That the Jews are the descendants of Avraham and it should work for us as a merit when we are standing in front of you.

Here is a fascinating story shared by Rabbi Alon Anava which further explains the reason:

Another explanation for why Jews blow the Shofar on Rosh Hashanah is:

To confuese the prosecutor.

The concept of this explanation is that Satan collects notes throughout the year for all the bad things that you did.

Then when Jews blow the Shofar in the day,

The air that is coming out of the Shofar reaches to the heavens.

Satan has all his notes that he stacked up over the year...

And the air blows over all of Satan's notes.

Then by the time he reorganises them...

G-d has already made His Judgements.

Signifiance of Rosh Hashanah

On Rosh Hashanah,

Everything is decided.

Who's going to live?
Who's going to die?
Who's going to be rich?
Who's going to be poor?
Who's going to be happy?
Who's going to be sad?

Whatever the option is, it is decided by G-d on Rosh Hashanah.

And this is why it is called "Judgement Day".

It is the day when G-d judges us.

And a lot of people take this day as just another day.

But those that understand the importance of this day, make sure they are doing Teshuva (repentance) on the 30 days before "Judgement Day".

On Rosh Hashanah, we sweeten the judgements.

Is Everything Judged on Rosh Hashanah?

Rabbi Yehuda's opinion on this the following:

Yes, on Rosh Hashanah WE are being judged.

But the actual effects happen throughout the year as follows:

Rabbi Yehuda says that everything is more or less decided on Rosh Hashanah but all these periods throughout the year are when the judgements are sealed.

Why do Jews Pray Everyday?

It is a good question.

If Jews' Judgement is made on Rosh Hashanah, why do they Pray everyday?

Rabbi Alon Anava explains that the Judgement made from Above is staying in the World Above and does not manifest into the World below.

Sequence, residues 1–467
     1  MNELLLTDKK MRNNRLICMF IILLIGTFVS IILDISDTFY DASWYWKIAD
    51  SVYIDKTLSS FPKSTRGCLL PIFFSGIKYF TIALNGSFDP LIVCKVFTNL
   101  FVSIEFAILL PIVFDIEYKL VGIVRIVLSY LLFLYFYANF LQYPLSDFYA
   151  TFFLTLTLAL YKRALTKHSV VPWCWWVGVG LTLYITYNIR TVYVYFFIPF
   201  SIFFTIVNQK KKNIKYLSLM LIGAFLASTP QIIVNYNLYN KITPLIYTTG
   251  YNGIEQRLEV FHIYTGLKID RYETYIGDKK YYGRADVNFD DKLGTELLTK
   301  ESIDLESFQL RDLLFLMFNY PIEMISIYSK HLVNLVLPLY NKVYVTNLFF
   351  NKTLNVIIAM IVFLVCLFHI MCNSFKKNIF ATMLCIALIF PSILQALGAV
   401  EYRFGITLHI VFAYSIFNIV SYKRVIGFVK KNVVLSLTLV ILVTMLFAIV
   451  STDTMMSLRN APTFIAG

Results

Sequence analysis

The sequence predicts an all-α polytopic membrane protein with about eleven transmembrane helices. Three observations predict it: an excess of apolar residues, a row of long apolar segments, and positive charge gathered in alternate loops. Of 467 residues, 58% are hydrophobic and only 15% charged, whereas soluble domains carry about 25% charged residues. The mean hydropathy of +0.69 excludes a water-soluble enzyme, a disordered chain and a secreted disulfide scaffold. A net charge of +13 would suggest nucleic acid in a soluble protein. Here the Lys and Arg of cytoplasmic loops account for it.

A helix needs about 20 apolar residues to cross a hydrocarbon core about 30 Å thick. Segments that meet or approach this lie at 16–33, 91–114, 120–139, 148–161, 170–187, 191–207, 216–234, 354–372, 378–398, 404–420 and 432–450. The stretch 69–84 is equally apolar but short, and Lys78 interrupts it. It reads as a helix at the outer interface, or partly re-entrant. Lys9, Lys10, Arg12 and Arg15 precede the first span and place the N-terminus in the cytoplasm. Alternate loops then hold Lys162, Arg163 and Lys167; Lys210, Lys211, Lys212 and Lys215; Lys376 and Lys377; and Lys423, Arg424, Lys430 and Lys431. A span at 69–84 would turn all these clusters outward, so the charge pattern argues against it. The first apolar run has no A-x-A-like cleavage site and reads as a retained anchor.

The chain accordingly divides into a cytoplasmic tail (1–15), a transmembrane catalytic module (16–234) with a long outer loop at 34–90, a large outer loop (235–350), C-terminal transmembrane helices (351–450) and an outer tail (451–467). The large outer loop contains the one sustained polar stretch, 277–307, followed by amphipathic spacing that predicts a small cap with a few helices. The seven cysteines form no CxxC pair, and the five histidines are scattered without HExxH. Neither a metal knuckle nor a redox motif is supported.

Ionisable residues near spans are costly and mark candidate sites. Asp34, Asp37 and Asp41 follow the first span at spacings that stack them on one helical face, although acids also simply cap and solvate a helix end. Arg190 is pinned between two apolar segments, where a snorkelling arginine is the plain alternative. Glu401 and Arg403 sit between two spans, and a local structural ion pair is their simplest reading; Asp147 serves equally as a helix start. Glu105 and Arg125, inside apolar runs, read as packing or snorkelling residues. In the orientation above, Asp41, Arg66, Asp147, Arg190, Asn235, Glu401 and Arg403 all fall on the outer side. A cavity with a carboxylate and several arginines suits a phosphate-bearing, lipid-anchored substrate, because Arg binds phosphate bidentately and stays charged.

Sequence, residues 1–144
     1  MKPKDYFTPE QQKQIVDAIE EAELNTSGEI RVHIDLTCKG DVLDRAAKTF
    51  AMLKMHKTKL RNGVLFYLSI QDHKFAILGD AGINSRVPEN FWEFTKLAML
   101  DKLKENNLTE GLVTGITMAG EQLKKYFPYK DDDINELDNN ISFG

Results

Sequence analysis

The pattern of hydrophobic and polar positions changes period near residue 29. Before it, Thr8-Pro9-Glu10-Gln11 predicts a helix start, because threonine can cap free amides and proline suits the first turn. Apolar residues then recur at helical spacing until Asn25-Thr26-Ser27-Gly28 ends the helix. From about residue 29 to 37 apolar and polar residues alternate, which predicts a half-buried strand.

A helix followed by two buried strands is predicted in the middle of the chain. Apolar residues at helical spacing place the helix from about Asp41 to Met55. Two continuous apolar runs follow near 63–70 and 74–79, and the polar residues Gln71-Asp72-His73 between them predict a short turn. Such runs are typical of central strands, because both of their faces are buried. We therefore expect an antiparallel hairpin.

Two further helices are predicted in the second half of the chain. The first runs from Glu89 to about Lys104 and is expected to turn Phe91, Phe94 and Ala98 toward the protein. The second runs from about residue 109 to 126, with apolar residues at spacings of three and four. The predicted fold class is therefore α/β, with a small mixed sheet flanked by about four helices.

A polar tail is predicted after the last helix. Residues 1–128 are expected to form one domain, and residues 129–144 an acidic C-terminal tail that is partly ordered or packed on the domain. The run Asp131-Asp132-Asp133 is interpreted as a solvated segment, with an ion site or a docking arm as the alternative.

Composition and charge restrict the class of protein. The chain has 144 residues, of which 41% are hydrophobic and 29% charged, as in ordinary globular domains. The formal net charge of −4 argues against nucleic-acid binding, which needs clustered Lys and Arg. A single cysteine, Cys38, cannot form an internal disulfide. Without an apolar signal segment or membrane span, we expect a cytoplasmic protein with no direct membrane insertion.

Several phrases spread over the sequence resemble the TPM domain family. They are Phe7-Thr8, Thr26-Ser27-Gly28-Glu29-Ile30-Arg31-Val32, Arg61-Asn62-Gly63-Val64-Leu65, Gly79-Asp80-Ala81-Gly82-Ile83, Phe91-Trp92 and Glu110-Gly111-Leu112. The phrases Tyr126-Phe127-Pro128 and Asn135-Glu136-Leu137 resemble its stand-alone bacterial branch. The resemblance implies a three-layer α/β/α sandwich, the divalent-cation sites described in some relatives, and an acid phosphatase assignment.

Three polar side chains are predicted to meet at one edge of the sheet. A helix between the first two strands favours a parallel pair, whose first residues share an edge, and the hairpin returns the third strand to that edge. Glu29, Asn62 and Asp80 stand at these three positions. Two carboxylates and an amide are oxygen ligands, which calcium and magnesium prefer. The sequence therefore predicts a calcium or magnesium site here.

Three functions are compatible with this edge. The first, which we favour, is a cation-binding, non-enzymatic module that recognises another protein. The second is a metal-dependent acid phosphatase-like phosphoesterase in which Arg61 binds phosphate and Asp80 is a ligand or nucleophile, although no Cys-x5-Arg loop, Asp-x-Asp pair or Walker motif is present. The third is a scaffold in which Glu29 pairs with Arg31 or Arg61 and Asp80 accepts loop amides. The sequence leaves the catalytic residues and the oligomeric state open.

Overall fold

One of the reasons why Jews Pray throughout the year is to start bringing the blessings into the world.

So for example,

If G-d decides on Rosh Hashanah that you are going to become rich this year,

It does not mean you are going to get that money.

It means that money is sitting in a Heavenly Bank.

And you need to PULL the blessing into the world.

The word blessing in Hebrew is Bracha.

But Bracha comes from the world Breycha - Pond


Because all the blessing is sitting in this Pond.

And now, you need to come everyday, and manifest it into the real world by Praying.

Here is an incredble story about the Lubavitcher Rebbe that helps explain why Jews must Pray everyday:

Why do Jews dip Apples in Honey?

Jewish Sages explain that the apple is a very special fruit.

Apples have three qualities that most fruit don't have:

The Ben Ish Chai (Yosef Hayyim) explains that these three qualities are the qualities that we want to arouse on Rosh Hashanah.

On Rosh Hashanah, we have three Prayers that we are concentrating on:

These are the three titles we Pray on Rosh Hashanah and the three qualities that the Apple has:

These qualities activate this Prayer.

So, when we take an Apple, it is cancelling the judgements

And then when we dip the Apple into honey...

We are actually sweetening the judgements!

Why do Jews eat pomegranate seeds on Rosh Hashanah?

Jews eat pomegranate seeds on Rosh Hashanah so that the same way the pomegranate is full of seeds:

Jews should be full of Mitzvot for the upcoming year.

What are Mitzvot?

Mitzvot is plural for Mitzvah.

A Mitzvah translates to Commandment.

Jews are given 613 Mitzvot to do and it is encouraged for Jews to spend their day doing as many Mitzvot as possible.

Some examples of Mitzvot are: don't embarrass others, respect your elders and to not swear falsely.

Why do Jews eat Ram/Sheep/Fish head on Rosh Hashanah?

Jews eat the head of either a Ram, Sheep or Fish on Rosh Hashanah so that they may be at the head and not the tail for the upcoming year.

There you have it!

A deep dive into all things Jewish New Year (Rosh Hashanah).

If you are reading this closer to Rosh Hashanah then I wish you Shana Tov and a Sweet New Year!

Till next time!